Fig. 1
figure 1

From left to right: left supraintercondylar fracture; 9-months postoperative; anteroposterior (AP) image taken after revision surgery with intramedullary nail insertion; follow-up AP image, revealing bony union

Fig. 2
figure 2

From left to right: right supraintercondylar fracture; postoperative anteroposterior (AP) image; AP and lateral images taken 1 year after surgery, revealing bony union but varus deformity

In the supracondylar group, 24 of 26 patients (9 men and 15 women) received more than 1 year of OPD follow-up (range, 14–65 months; average, 26 months), with a 1-year follow-up rate of 92.3 %. The average age at the time of fracture was 54.6 years (range, 18–93 years). Fracture occurred on the left side in 11 patients and the right side in 13 patients. As for fracture type, 12 were A1, 12 were A2, and no patient was A3. Twenty-two of 24 patients achieved bony union (Fig. 3), resulting in a union rate of 91.7 %. No patient developed deep infection or varus deformity. However, 2 patients showed nonunion and received revision surgery, eventually achieving bony union uneventfully. The average time to union was 5 months (range, 3–10 months).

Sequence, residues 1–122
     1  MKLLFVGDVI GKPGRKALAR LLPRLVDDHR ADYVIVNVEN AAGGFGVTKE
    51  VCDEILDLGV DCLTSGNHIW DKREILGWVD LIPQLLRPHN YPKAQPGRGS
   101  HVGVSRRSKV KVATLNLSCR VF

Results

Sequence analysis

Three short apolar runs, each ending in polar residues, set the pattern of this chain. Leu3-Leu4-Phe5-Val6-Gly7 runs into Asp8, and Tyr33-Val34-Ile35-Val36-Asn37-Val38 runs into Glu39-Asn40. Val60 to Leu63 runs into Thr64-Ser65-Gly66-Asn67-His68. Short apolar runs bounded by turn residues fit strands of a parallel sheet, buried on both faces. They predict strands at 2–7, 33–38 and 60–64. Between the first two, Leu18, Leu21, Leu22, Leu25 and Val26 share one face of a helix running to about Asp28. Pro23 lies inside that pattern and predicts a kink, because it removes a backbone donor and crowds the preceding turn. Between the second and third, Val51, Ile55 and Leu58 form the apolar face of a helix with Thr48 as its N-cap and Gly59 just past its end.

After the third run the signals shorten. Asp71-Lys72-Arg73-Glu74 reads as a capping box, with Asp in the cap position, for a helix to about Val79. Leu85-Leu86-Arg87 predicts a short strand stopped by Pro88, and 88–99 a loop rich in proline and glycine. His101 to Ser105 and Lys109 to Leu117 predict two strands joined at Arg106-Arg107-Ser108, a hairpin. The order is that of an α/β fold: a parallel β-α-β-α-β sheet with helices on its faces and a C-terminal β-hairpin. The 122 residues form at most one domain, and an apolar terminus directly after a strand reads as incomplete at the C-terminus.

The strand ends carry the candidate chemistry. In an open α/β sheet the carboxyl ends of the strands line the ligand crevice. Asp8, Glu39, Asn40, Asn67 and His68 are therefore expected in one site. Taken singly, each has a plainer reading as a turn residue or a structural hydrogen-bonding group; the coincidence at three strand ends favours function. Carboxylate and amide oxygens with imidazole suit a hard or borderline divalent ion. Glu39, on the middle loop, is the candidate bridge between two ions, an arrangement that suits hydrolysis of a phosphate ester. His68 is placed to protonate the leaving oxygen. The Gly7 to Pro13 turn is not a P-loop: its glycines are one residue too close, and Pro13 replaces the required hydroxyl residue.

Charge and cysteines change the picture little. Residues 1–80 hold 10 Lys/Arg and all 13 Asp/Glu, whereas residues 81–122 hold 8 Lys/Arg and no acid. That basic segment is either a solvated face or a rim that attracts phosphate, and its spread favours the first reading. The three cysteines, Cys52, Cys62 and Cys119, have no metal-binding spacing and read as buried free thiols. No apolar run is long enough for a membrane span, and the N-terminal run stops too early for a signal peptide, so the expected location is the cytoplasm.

Fig. 3
figure 3

From left to right: left supracondylar fracture; postoperative anteroposterior (AP) image; AP and lateral images taken 6 months after surgery, revealing bony union and no varus/valgus deformity

In comparing clinical results between supraintercondylar and supracondylar fractures, both groups achieved a high union rate (90 % vs. 91.7 %, P = 0.68) and a comparable union time (6.4 months vs. 5 months, P = 0.19). However, there were 5 patients in the supraintercondylar group with postoperative varus deformity, but no patient appeared malaligned radiographically in the supracondylar group; this difference was statistically significant (P = 0.045).